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FCW Insider: Nov. 29

If you're a fed waiting for the Merit Systems Protection Board to rule on your case, you'll have to wait a little longer. The organization has been without a working quorum since January 2017, and has built up a backlog of almost 1,600 cases. A bid to move the nominations of the proposed chair, vice-chair and a member failed a Senate committee on Nov. 28. Chase Gunter has the story.

The Secret Service wants to tap facial recognition to alert agents to the presence of known threats around the White House complex. The protective agency launched a test on Nov. 19 that will feed closed-circuit TV through a facial recognition algorithm using Secret Service volunteers as test subjects. There's no word on when such a system might go live, but the first phase of testing is set to wrap up next August. Adam Mazmanian has more.

The Treasury Department has publicly flagged cryptocurrency addresses associated with two Iranian individuals indicted for their role in a worldwide, multimillion dollar ransomware campaign. This marks the first time U.S. law enforcement has singled out crypto addresses for sanctions. Derek B. Johnson reports.

A former top cyber official at the FBI says weaker laws around encryption won't help law enforcement and could result in unacceptable collateral damage to industry and data security. Derek has more.

Quick Hits

*** A cyber-hygiene "credit score" is in the works for federal agencies -- but don't expect to see a public report card anytime soon.

Continuous Diagnostics and Mitigation Program Manager Kevin Cox said at FCW's Nov. 28 CDM event that the Agency-Wide Adaptive Risk Enumeration (AWARE) Algorithm is already ingesting data, and the plan is to put it "fully into production heading into FY2020."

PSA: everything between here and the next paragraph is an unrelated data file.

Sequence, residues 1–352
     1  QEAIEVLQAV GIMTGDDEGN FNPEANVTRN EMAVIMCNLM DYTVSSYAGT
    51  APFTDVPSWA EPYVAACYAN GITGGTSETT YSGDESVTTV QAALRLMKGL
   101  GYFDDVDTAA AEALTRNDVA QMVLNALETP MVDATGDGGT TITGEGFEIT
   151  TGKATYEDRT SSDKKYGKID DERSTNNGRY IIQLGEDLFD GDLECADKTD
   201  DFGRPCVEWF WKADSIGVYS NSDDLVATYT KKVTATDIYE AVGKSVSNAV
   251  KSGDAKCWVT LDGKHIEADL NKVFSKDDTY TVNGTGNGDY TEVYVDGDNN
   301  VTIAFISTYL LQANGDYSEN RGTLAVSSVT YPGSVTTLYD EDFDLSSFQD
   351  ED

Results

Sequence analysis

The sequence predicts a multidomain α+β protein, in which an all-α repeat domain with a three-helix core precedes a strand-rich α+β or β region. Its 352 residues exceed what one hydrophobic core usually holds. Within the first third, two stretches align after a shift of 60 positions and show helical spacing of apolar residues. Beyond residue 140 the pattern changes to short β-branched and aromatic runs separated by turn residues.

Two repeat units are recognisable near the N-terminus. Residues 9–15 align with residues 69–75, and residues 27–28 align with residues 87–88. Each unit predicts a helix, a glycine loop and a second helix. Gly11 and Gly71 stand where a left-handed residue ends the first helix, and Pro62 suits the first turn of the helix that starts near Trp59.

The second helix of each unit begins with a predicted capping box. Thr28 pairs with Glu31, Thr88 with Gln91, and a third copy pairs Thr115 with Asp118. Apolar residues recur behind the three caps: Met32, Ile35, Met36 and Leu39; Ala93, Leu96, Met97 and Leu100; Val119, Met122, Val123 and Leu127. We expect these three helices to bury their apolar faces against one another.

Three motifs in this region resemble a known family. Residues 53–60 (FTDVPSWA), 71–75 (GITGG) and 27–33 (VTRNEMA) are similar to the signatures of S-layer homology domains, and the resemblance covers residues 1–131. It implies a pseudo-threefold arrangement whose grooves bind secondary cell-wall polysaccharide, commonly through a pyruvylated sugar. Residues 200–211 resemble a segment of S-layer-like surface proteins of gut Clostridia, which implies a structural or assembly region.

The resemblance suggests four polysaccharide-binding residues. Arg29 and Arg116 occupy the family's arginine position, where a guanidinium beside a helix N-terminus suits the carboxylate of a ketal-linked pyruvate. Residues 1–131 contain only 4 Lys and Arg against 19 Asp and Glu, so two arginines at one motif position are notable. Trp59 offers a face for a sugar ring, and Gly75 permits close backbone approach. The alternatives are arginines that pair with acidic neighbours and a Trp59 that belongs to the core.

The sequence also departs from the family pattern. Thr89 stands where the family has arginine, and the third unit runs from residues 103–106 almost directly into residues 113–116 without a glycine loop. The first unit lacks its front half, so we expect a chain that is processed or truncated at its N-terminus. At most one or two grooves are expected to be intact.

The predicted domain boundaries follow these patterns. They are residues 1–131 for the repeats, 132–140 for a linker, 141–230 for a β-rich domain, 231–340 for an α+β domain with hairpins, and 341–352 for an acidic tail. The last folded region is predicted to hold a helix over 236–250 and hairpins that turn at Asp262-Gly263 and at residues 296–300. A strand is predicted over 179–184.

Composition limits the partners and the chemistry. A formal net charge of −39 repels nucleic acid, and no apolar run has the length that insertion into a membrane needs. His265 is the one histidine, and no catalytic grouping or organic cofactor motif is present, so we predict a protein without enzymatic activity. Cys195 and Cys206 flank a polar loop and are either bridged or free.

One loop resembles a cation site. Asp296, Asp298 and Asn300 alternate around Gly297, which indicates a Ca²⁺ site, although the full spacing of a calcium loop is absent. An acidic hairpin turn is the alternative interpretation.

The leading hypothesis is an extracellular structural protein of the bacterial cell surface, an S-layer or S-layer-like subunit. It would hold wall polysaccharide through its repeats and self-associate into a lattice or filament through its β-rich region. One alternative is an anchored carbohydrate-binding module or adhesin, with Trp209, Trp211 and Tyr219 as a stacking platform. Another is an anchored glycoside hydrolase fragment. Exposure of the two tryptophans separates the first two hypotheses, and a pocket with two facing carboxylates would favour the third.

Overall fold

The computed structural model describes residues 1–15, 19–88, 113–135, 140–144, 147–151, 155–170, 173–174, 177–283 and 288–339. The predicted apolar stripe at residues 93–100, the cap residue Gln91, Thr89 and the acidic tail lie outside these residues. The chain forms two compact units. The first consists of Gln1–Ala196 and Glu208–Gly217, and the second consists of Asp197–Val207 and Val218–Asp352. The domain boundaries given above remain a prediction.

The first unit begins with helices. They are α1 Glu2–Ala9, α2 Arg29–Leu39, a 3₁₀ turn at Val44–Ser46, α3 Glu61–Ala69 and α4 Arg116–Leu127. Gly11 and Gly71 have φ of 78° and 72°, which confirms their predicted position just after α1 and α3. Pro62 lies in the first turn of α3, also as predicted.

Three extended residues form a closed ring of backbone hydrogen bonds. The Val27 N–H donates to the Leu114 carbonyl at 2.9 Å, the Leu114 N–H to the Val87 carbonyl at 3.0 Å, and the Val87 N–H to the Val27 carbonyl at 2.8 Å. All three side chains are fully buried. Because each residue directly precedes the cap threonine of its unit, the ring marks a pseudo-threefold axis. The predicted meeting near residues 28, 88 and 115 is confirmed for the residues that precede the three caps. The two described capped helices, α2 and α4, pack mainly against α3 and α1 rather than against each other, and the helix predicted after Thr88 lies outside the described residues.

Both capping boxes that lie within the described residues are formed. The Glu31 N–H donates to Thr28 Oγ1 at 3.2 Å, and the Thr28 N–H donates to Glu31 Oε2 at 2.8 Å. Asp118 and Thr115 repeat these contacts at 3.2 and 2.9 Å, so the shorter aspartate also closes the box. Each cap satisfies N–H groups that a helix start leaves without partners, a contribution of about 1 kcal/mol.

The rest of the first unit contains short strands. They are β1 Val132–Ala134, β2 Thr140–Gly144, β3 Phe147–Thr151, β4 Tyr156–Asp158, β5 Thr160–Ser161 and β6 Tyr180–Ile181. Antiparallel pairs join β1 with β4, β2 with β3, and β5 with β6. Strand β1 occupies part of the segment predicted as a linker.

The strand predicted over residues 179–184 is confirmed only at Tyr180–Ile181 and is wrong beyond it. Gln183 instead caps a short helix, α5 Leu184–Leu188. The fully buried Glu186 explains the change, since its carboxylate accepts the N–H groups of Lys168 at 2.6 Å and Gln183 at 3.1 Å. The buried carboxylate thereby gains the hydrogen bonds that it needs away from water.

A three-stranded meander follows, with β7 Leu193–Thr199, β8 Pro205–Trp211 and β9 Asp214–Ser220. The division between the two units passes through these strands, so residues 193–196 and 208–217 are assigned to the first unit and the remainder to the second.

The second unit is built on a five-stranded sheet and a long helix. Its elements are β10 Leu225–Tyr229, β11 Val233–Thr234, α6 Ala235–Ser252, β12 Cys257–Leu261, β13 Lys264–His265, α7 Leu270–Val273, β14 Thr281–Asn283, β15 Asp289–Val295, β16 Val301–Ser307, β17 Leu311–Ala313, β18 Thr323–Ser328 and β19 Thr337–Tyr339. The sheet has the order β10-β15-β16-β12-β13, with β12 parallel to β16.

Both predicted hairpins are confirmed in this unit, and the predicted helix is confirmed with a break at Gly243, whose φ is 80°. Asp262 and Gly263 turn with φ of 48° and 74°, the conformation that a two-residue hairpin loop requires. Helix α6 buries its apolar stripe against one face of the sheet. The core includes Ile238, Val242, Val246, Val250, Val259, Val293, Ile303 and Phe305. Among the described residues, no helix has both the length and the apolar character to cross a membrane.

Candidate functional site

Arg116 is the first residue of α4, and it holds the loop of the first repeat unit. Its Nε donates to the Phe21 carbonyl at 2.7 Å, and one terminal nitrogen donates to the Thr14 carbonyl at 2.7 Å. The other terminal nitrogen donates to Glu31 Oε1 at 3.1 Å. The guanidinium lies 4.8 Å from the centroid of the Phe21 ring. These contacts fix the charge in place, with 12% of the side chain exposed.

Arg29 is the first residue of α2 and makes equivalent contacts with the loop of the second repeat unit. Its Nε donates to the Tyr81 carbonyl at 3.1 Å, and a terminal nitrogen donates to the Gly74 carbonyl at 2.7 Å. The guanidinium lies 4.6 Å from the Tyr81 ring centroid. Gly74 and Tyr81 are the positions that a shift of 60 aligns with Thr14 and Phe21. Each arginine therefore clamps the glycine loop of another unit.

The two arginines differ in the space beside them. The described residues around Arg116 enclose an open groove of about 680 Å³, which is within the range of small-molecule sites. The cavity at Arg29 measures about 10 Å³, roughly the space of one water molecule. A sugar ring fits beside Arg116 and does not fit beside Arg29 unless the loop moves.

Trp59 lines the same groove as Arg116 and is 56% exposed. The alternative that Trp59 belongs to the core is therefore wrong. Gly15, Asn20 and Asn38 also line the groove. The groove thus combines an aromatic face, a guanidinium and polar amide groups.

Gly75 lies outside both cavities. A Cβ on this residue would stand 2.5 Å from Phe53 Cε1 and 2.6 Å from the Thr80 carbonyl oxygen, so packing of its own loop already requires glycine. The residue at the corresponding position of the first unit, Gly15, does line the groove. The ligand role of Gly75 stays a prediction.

The relatively slow rollout is to ensure the data being crunched by the algorithm is accurate, Cox told reporters after his speech, and that agencies are confident the resulting scores "reflect the reality of their systems."

For now, AWARE simply shows how an agency compares to the cross-agency average. "But at the end of the day," Cox said, "we don't want to grade on a curve." 

"I don't know that we're going to get to an A-B-C-D-F framework," he said, "but we want to at least get to a set of ranges where agencies know that they should aim for this range for their score."

Even when AWARE moves into production, the risk scores still may not be public, Cox said, as they could effectively steer adversaries to the most vulnerable agencies.

The peer pressure that comes with scorecards can be valuable, he noted, and "we want to be as transparent as possible, but we don't want to put the agencies at risk. So we have to find that balance."

Cox also said that every CFO Act agency is now rolling up data to the federal dashboard, and that 16 non-CFO agencies are doing so through the CDM program's shared services platform. 

*** Cyber Command's warfighting platform has cloud troubles.

The command said it won't be able to deploy its big data platform capabilities without added engineering expertise, analytical development and software license renewals, according to a Nov. 26 FBO posting. The Big Data Platform is part of the newly awarded warfighting platform, Unified Platform, and the technology license for the component responsible for configuring and operating it, the Rapid Analytic Deployment Management Framework, is set to lapse. Enlighten IT Consulting currently holds the license, and unless its renewed, Cyber Command won't be able "to transition the BDP from the Amazon Web Services (AWS) GovCloud environment to a USCYBERCOM AWS GovCloud environment," according to the notice. 

*** The Department of Health and Human Services released draft guidance for how healthcare providers can more easily implement electronic health records and other health IT.

"Strategy on Reducing Regulatory and Administrative Burden Relating to the Use of Health IT and EHRs," attempts to make the process more simple by making it easier for doctors to input information into EHRs during patient visits, reduce the regulatory reporting requirements for healthcare providers and by improving "the functionality and intuitiveness (ease of use) of EHRs."

This draft outlines more than 40 different recommendations. These recommendations include the development best practices for clinical documentation in EHRs, improving how data is presented in EHRs, creating design standards, increasing training and exploring new approaches through pilot programs. The draft is open for public comment until Jan. 28, 2019.

Posted on Nov 29, 2018 at 1:06 AM


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